I must preface this by stating that I knew little of Galactic not long ago. I’d heard them recommended during innocent eavesdropping. I’d heard the ravings among the best of the ragtag new-wave wannabe hippies. I’d even heard some cuts off of one of the band’s albums (don’t ask me which), and I really liked them.
It’s something that happens to bands of all types, from fictional (Spinal Tap) to big (the unnamed band combining former Soundgarden singer Chris Cornell with the instrumental power of Rage Against the Machine): A major player (Nigel or Cornell) quits at an inopportune time (in the middle of a big tour or before the debut album is even released), leaving everybody in a lurch.
Looking back at the 2001-2 season of the Quad City Symphony Orchestra (QCSO), it is fair to say there were some good concerts but more mediocre-to-bad shows. April’s concert last weekend fell squarely into the latter category; like a sardine sandwich, the ends of the concert were adequate while the middle smelled and tasted funny.
Very few people will disagree that Bill Monroe is the father of bluegrass music. But I wonder how many of them will admit that it was a young female fiddler from Champaign, Illinois, who made it a viable commercial entity in the 21st Century.
Even though it's been without vast amounts of fame or fortune, the career of John Hiatt has had an arc that many musicians would envy. The singer-songwriter has hopped from label to label and style to style, garnered heaps of respect and a bunch or royalties when other artists cover his songs (which happens a lot), and generally gets to do what he wants without the weight of public expectation.
Ron Block doesn't like the spotlight, and that makes him a perfect fit for the world's most popular bluegrass band, Alison Krauss & Union Station. "The whole concept of my playing is to enhance the sound of the band and not draw attention to myself unnecessarily," said Block, the band's guitarist, banjo player, and most frequent songwriter.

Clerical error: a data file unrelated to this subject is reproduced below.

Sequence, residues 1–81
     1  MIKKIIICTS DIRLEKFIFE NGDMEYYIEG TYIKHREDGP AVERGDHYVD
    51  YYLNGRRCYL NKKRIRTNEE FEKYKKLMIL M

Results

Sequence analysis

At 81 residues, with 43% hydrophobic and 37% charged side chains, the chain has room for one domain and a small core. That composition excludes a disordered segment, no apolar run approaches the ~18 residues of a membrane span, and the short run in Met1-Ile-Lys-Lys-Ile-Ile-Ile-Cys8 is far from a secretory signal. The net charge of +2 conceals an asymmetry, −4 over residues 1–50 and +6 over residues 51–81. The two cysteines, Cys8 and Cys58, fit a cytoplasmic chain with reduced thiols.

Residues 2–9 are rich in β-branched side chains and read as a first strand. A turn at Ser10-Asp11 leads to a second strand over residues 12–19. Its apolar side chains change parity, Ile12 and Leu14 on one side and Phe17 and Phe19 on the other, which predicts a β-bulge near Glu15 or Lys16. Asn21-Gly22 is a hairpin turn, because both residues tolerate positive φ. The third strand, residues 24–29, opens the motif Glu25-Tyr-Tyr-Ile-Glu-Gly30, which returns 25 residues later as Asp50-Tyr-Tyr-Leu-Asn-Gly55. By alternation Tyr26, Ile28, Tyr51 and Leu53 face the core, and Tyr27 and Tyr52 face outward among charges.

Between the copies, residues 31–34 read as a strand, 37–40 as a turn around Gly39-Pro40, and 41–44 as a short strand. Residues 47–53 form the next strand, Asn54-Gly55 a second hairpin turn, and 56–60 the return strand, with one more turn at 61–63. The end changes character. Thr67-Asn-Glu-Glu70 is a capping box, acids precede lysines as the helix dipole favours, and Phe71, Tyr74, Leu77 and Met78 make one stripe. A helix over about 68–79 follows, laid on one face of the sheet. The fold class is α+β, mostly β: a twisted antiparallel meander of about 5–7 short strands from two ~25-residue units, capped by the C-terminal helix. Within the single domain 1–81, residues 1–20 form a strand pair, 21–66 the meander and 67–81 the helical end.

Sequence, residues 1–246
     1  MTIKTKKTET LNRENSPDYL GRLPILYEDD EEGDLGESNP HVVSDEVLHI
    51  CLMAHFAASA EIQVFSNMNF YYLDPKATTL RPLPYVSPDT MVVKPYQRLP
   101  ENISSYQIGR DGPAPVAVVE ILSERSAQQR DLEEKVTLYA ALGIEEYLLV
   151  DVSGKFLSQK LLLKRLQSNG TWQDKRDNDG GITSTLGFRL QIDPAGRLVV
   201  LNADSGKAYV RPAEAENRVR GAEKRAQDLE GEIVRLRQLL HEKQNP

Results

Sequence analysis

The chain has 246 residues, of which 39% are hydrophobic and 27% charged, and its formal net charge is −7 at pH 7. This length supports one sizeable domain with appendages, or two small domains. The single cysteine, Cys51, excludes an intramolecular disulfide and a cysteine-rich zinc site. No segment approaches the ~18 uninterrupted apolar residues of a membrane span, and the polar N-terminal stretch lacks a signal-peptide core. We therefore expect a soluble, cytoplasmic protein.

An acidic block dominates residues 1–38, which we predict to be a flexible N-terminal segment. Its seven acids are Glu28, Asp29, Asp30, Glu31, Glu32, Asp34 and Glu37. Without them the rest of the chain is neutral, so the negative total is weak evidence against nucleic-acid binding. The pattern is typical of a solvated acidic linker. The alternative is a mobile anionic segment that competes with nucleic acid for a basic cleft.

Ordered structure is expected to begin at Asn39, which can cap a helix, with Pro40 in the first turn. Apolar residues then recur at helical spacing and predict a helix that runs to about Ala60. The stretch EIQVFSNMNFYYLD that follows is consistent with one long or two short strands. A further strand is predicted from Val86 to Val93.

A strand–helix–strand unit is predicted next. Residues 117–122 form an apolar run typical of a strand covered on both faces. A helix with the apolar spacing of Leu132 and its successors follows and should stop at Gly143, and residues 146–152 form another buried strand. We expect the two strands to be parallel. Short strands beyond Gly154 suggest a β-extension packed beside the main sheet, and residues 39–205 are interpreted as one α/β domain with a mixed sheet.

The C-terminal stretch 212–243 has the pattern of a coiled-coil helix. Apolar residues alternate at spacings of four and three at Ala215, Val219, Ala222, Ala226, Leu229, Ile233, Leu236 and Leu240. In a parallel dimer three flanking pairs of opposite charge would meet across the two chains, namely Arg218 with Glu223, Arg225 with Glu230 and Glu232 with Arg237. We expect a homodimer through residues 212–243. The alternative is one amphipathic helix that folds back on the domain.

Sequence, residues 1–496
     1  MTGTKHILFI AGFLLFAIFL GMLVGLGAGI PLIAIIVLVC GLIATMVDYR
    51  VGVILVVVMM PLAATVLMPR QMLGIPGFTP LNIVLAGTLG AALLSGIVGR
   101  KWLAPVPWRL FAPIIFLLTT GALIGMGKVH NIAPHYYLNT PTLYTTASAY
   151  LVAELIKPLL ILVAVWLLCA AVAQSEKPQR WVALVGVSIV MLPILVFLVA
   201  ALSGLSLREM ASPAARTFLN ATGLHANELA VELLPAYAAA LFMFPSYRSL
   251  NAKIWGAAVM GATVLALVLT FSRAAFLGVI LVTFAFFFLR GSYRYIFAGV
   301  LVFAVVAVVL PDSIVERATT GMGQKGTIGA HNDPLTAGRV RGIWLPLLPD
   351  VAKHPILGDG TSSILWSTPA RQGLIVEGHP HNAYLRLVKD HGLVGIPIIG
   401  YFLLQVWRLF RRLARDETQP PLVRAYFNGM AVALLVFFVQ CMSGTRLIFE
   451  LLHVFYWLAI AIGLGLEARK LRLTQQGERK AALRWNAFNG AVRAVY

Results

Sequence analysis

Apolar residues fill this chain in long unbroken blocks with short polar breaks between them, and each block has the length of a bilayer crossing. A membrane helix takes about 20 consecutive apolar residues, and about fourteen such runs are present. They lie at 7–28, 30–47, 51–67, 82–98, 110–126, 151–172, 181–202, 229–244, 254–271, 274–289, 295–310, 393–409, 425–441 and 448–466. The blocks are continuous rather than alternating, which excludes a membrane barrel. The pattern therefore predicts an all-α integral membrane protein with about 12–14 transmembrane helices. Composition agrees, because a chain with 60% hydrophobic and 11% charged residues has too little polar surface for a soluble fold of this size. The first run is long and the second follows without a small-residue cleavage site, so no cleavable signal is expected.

One name saved a frozen evening. Christian Lindberg. On what was the most treacherous weather night the Quad Cities had seen in a while, Lindberg – Sweden’s famous solo artist and rare solo trombonist – dazzled the sparse Quad City Symphony Orchestra (QCSO) audience with flashy clothes, incredible playing, and rarely performed but easily accessible trombone concertos.
Legendary Quad Cities groove-rock band Burnt McMelba Toast is reuniting for a concert on Friday at RIBCO in The District of Rock Island. Drummer Erik Wilson (who now lives in Philadelphia) and guitarist/singer Pat Willis (presently of Colorado) will return to the Quad Cities for a special show that will also feature original Toast drummer Kevin Moore on some songs.
At the February 2 Quad City Symphony Orchestra concert, the crowd was noticeably perplexed by the divergent Barber Violin Concerto and seemingly in pain sitting through Mahler’s lengthy but cheery Fourth Symphony.
Take a fairly intelligent three-chord progression and pair it with minimalist vocal melodies executed at a snail’s pace, and you’ve accomplished 90 percent of what decent “slo-core” music requires. The other 10 percent isn’t so easy to pull off, but smart lyrics, musicianship, and the power to evoke an emotional response bring the package to completion.

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